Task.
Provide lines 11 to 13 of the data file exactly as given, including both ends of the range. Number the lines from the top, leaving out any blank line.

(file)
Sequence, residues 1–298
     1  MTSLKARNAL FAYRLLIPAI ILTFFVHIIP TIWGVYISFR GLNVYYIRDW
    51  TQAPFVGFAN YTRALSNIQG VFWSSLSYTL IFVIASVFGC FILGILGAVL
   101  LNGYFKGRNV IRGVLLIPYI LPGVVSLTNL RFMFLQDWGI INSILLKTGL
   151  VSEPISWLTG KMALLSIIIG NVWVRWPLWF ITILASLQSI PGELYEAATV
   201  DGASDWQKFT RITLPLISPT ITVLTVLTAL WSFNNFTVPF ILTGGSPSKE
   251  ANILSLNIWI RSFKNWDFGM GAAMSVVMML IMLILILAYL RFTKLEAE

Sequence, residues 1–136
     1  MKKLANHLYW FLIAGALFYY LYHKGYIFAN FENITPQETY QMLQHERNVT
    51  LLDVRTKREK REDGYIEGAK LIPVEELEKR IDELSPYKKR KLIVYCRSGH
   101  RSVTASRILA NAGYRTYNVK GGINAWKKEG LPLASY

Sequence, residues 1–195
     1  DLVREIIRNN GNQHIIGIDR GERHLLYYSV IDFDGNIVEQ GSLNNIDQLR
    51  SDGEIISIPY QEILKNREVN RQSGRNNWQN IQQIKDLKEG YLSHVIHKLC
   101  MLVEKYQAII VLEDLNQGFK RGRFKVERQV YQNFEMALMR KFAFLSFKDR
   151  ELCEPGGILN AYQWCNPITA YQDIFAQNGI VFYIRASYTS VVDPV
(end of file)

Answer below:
   101  RSVTASRILA NAGYRTYNVK GGINAWKKEG LPLASY

Sequence, residues 1–195
     1  DLVREIIRNN GNQHIIGIDR GERHLLYYSV IDFDGNIVEQ GSLNNIDQLR